A lot of people lost somebody that day. Later on, I learned that a couple of my old Navy acquaintances died. One of the deceased was Charles “Chic” Burlingame, aged 51 (his 52nd birthday would have been Sept. 12, the next day), a retired Navy captain, Gulf War veteran and the pilot of American Airlines Flight 77 that hit the Pentagon. A number of conspiracy theorists have used Chic’s connection with the U.S. Navy to say that he was part of some grand hoax, that there were no hijackers aboard his aircraft and that no airplane ever hit the Pentagon. Yet I actually walked amidst the Pentagon wreckage and picked up pieces of a broken airliner with my own hands. And Capt. Burlingame is buried at Arlington National Cemetery, his body having been recovered from the wreckage of a certain Boeing 757-223, registration number N644AA, located within the burnt walls of the Pentagon.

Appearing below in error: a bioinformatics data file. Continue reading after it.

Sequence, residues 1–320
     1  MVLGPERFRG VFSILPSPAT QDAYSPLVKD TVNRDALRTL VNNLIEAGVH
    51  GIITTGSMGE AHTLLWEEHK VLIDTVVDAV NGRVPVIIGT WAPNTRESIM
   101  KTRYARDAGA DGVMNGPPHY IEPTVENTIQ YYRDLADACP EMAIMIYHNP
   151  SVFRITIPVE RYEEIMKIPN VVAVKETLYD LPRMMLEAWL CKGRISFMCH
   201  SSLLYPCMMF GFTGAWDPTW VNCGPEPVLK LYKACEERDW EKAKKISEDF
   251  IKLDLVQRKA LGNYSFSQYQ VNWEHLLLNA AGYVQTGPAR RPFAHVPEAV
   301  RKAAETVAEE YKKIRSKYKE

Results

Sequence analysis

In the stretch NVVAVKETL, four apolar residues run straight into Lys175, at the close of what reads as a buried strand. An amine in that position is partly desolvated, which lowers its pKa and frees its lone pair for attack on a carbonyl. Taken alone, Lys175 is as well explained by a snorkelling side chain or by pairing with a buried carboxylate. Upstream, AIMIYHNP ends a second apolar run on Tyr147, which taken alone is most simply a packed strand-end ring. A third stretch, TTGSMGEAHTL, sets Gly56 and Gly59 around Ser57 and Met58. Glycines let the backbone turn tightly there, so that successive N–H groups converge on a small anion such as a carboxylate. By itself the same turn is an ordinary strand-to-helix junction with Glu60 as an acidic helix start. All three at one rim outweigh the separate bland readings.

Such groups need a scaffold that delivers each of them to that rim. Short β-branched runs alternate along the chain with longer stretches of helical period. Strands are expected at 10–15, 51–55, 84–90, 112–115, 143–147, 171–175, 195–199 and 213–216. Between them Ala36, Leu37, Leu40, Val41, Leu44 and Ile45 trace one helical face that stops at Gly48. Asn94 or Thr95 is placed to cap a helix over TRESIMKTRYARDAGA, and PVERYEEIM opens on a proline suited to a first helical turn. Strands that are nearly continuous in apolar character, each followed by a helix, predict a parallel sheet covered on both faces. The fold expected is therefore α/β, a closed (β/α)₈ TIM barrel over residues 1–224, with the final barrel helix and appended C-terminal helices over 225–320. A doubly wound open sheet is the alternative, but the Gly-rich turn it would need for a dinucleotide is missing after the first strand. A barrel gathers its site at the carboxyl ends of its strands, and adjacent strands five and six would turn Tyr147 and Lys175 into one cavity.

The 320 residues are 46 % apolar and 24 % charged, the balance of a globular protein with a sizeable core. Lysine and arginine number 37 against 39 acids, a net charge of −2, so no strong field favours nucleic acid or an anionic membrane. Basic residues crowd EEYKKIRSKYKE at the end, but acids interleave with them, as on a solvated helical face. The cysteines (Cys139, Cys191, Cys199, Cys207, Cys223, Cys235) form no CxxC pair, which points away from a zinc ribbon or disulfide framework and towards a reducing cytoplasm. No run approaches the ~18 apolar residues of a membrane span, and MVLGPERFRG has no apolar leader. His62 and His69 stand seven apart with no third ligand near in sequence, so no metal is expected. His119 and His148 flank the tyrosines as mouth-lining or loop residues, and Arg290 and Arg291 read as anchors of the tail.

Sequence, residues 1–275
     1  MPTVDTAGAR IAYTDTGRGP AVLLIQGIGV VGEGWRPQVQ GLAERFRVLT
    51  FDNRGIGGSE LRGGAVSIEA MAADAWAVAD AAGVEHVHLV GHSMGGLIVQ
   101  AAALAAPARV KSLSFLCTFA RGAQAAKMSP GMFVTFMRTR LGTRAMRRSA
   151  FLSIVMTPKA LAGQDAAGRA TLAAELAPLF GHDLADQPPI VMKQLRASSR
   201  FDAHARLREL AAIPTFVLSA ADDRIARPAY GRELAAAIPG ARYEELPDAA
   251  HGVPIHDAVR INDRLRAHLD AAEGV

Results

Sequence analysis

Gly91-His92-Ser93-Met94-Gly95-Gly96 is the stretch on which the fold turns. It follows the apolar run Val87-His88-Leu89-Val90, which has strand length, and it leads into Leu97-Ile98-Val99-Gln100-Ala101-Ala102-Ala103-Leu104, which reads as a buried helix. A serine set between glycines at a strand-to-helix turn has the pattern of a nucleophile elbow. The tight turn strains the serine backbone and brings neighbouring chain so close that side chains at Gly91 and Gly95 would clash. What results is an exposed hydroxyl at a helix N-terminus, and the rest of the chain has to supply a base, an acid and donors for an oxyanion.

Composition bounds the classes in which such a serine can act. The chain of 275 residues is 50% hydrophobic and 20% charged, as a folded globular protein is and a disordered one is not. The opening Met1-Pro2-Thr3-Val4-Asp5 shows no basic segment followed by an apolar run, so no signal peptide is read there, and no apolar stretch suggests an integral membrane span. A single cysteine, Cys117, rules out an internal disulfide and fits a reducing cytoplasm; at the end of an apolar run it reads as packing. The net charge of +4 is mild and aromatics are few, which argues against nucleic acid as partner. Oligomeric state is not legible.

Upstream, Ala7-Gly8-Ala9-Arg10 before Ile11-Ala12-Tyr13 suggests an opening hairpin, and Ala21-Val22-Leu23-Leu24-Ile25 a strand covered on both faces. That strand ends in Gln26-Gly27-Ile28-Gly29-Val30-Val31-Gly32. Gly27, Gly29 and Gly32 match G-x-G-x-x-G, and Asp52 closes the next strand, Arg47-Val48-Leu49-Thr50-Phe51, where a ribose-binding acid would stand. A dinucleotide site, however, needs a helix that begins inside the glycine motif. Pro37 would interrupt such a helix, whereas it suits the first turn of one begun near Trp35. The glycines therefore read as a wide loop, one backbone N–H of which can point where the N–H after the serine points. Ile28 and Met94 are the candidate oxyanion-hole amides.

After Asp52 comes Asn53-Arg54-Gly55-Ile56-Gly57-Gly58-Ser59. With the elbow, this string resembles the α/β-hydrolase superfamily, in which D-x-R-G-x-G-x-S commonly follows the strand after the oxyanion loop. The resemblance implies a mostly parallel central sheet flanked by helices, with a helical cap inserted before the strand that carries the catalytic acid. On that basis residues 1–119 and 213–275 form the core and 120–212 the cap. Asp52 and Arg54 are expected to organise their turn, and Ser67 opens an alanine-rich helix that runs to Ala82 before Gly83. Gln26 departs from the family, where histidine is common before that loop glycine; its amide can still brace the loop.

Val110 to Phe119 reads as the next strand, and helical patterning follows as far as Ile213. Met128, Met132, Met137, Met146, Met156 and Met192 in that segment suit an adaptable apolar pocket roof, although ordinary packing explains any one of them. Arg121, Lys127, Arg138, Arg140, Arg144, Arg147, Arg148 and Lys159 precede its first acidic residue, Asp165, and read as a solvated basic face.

The other of my acquaintances was Wilson “Bud” Flagg, aged 62 and a retired admiral who was also aboard American Airlines Flight 77, along with his wife Darlene, when it crashed into the Pentagon. Adm. Flagg was an expert in aerial reconnaissance. Earlier in his career, Bud had logged more flight time in the F-8 Crusader aircraft than any other pilot in Navy or Marine Corps history. Again, over the course of time, some people have actually tried to convince me that no airplane ever hit the Pentagon on Sept. 11. They say that the Pentagon attack was a big conspiracy put together by an evil cabal, and that any damage to the building was caused by a remote-control cruise missile. Of course, this does not explain why the bodies of Adm. and Mrs. Flagg were also found within the impact area of the American Airlines Boeing on the grounds of the Pentagon.

To everyone else who lost somebody that sad day, you have our sympathy. The least we here at Whiskey & Gunpowder can do on certain occasions is to remember our friends. Life goes on, we know, and life is for the living. But still, while time takes us further away, it does not truly ease the pain. So we have our moments when we remember our old friends and feel the true meaning of “Auld Lang Syne.”

Until we meet again…
Byron W. King

September 26, 2007